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Apple faces new privacy lawsuit


The second intended class action lawsuit was filed in the US against Apple, accusing the tech giant of violating consumer information privacy laws.

The case was filed in Pennsylvania Court last Friday by Plaintiff Joaquin Serrano and accuses Apple of “flagrant” and “systematic” violations of privacy as laid out in the state’s Wiretapping and Electronic Surveillance Act and consumer protection fraud laws.

The court documents claim Apple collects sensitive personal information from a user’s iPhone or iPad, secretly tracking the device and app activity, even after the user has chosen explicitly to opt-out on their device.

“Quite simply, Apple unlawfully records and uses consumers’ personal information and activity on its consumer mobile devices and applications (“apps”), even after consumers explicitly indicate through Apple’s mobile device settings that they do not want their data and information shared. This activity amounts to an enormous wealth of data that Apple collects and uses for its financial gain.”

Joaquin Serrano vs APPLE INC., Case No. 23-cv-70, US District Court for the Eastern District of Pennsylvania

The suit also points out the discrepancy between multiple privacy statements and consumer promises Apple publicly posts on their website and platforms compared to its actual practices. For example,

“Apple Privacy Policy” states: At Apple, we respect your ability to know, access, correct, transfer, restrict the processing of, and delete your personal data.”

“The Apple App Store “User Privacy and Data Use” page similarly declares: Apps on the App Store are held to a high standard for privacy, security, and content because nothing is more important than maintaining users’ trust.”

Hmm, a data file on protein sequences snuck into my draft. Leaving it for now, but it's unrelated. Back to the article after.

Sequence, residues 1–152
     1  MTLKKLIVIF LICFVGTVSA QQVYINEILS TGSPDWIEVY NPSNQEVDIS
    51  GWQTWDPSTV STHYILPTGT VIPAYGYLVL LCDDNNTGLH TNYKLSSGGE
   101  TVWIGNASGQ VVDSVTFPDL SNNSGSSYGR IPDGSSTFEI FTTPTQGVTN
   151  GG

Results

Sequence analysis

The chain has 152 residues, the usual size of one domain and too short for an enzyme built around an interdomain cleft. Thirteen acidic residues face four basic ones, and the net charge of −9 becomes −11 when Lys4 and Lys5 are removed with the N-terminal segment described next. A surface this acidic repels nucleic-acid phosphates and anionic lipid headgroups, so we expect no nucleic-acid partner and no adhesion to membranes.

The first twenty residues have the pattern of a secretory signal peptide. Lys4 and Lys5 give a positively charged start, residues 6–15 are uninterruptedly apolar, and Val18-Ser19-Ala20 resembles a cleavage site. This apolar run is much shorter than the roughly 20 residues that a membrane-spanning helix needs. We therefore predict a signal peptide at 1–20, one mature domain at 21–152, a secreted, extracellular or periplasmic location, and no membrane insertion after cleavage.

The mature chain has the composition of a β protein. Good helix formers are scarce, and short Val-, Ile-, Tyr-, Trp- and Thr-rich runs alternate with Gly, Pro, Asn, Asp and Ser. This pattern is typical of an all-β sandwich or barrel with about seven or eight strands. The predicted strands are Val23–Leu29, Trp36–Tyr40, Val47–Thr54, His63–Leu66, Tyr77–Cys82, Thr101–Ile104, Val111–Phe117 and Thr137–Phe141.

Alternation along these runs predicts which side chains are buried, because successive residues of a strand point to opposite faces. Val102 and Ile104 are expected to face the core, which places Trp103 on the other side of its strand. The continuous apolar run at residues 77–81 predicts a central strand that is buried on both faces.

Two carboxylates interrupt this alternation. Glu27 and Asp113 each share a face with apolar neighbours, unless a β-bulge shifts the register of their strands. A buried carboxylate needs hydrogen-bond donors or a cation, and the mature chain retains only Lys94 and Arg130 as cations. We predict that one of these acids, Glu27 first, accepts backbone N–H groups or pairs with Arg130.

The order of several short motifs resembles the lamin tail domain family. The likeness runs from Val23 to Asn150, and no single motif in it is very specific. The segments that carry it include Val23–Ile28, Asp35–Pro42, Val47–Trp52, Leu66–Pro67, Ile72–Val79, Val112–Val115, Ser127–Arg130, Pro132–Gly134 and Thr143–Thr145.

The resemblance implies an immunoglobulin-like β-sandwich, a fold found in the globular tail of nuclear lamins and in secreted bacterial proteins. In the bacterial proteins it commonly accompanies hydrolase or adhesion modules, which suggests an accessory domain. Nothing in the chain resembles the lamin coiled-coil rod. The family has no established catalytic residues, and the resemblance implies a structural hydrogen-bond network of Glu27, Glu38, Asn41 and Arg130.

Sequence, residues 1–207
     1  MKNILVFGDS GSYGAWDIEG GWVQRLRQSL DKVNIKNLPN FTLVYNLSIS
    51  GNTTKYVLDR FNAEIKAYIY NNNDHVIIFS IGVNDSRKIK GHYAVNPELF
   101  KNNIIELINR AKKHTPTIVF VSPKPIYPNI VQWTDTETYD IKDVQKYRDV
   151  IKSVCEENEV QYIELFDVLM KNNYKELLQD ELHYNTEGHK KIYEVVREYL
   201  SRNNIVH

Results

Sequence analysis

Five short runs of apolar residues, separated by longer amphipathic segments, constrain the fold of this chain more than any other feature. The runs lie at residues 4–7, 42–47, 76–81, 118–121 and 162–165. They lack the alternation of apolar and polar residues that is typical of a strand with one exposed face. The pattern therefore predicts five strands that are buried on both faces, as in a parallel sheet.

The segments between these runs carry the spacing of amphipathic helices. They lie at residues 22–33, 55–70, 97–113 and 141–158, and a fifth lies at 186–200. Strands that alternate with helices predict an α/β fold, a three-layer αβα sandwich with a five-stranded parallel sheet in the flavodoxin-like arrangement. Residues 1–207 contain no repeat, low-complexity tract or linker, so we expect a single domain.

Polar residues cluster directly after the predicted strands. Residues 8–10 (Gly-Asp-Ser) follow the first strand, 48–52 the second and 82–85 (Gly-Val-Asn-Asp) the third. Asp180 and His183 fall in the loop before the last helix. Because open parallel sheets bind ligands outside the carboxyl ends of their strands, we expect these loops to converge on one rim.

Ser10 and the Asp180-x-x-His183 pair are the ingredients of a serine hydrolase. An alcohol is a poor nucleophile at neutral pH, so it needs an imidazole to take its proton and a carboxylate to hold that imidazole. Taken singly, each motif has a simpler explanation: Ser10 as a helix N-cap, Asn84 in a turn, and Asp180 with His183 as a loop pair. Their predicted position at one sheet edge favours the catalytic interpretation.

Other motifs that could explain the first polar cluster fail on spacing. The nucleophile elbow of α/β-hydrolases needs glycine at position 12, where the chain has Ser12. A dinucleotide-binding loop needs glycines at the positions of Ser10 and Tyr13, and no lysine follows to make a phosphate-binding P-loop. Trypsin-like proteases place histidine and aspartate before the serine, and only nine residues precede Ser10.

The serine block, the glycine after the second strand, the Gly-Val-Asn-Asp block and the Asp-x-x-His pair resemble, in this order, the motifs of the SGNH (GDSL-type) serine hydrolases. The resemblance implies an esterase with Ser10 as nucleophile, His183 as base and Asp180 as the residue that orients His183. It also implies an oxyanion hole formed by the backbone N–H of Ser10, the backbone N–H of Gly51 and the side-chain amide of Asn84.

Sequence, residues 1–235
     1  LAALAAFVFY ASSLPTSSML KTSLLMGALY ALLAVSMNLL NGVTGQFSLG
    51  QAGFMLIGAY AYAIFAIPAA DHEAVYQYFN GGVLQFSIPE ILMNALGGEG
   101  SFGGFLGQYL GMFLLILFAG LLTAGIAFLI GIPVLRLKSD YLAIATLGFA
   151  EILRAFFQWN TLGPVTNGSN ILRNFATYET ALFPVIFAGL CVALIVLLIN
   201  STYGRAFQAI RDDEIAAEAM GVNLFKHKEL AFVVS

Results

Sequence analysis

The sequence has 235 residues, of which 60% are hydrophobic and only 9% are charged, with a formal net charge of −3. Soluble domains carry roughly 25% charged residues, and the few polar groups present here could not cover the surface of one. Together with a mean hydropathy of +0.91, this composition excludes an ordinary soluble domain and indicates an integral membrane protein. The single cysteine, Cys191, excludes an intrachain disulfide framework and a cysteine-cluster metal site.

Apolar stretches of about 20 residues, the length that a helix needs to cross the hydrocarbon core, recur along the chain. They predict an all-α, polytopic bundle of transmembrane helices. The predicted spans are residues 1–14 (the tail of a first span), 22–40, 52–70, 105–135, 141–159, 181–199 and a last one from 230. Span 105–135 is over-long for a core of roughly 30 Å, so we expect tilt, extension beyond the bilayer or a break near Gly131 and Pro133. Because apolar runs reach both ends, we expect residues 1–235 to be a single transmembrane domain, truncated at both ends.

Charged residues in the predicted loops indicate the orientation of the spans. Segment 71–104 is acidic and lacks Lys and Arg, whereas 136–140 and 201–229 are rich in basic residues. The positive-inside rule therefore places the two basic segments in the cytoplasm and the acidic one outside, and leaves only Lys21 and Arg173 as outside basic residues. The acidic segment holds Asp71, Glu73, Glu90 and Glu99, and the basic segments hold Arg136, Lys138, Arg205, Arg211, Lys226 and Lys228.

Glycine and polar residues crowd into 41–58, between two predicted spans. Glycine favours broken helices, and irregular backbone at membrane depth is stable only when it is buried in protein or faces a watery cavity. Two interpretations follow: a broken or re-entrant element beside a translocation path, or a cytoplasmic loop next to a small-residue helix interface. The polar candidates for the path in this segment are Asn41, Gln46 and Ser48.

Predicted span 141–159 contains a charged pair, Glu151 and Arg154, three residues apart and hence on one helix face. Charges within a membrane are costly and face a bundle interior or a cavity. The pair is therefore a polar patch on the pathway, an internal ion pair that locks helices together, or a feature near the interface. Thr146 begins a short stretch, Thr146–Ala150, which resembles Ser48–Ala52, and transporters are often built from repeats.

“In addition, Apple makes an outright promise in its mobile devices’ settings: Apple states that it will “disable [the sharing of] Device Analytics altogether.”

Class Action Complaint against APPLE INC.

The lawsuit even goes so far as to ironically provide descriptions of Apple’s most recent global ad campaign, including photos of 40-foot high billboards featuring slogans such as, “Privacy. That’s iPhone.” and “What happens on your iPhone, stays on your iPhone.”

The documents further state that all consumers should have a “reasonable expectation of privacy on their mobile devices” and that personal information “will not be shared without affirmative consent.”

This is the second lawsuit of its kind filed against Apple since two independent researchers revealed the privacy and tracking concerns to tech media outlet Gizmodo in November 2022. The first class action suit was filed in California after the story broke.

Apple had promised regulators to clean up its questionable information-sharing practices after a similar privacy-related class action suit was brought against the company in 2010. That California lawsuit accused Apple of allowing advertisers to track the location information of unsuspecting mobile device users who had downloaded free Apps from the Apple store.

A state judge dismissed the entire case in 2013, although Apple did pay a roughly $1M fine to a plaintiff in South Korea for similar privacy violation charges that same year.

So far, there has been no official comment from Apple on either of the recent lawsuits.


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